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The Born to be Free project, run by World Vision, began in 1998 with 13 villages in the district. The motivation for starting the project was a boy called Pattinathar. Pattinathar was bonded to make beedis but he kept running away so his boss had beaten him and shackled his legs. World Vision workers heard about him and were shocked to see his legs chained together. They arranged for him to be released and then they began investigating how many other children were being treated this way.

Handing over the bonded amount to free a child
Handing over the bonded amount to free a child

Born to be Free workers meet with the family of the child labourer before they are freed. The workers assess the family’s needs and financial situation. It’s important that the family agrees not to bond their child to work again. This can be a difficult decision if the family has come to depend on the child’s income. However, if they agree, the workers help them find ways to achieve this.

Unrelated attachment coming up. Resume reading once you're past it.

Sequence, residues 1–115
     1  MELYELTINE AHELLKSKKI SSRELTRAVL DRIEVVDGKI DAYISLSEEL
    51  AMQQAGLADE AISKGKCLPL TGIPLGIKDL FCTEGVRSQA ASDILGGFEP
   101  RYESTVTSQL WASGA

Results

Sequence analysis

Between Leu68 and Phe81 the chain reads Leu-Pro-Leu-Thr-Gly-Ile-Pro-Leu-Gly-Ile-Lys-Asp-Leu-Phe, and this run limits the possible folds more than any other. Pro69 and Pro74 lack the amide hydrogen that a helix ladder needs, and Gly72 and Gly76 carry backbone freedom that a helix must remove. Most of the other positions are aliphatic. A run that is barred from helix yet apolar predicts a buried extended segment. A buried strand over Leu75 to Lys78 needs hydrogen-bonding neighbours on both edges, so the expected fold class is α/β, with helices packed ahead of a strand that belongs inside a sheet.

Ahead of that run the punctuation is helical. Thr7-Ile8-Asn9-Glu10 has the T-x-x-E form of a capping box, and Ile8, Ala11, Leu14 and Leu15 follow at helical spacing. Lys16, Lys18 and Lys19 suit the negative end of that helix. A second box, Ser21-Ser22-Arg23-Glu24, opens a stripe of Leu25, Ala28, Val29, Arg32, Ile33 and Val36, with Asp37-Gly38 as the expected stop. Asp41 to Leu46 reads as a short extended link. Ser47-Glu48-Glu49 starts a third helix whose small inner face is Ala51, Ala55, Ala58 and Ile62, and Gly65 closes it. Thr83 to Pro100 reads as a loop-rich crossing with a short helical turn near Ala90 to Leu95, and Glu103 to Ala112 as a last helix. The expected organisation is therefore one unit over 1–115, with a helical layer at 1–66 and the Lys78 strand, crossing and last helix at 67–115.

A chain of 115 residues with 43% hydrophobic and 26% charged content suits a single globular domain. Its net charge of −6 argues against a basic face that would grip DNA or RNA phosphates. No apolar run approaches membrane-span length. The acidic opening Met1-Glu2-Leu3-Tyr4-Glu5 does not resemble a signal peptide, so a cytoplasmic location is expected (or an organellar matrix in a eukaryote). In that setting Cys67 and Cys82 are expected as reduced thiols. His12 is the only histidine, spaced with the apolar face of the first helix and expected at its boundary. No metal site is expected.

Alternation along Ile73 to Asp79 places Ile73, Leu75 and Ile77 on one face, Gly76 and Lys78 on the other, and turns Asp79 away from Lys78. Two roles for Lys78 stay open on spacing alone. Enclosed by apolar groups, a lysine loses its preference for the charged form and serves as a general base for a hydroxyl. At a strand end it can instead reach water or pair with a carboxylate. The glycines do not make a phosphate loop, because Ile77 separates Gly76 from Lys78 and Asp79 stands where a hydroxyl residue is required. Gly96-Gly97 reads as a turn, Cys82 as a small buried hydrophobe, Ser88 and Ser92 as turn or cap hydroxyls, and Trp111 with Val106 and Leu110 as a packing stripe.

At the release ceremony the Born to be Free project issues the bonded amount to the family so they can repay the moneylender. The ceremony is an important time for the children. They light a lamp to symbolise their freedom and hope for a better future.

Sometimes the community holds a special march to celebrate when a group of children are released at the same time. This helps to raise awareness in the community about what is happening.

Settu had been going to school for two years when his mother got sick. The medicine cost $75. Settu’s parents only earn $1.75 a day so they couldn’t afford this. Their only option was to borrow money from the moneylender who charged 15 per cent interest per month.  In exchange, Settu was bonded to work at the beedi factory until the debt was repaid. He stopped going to school and worked 12 hour-days making beedis. He earned about $1 a day.

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Settu is free again.
Settu is free again.

When Settu was 8, the Born to be Free project workers heard about his situation. They arranged to pay back the money his parents had borrowed. He was released in a ceremony with two other child labourers.

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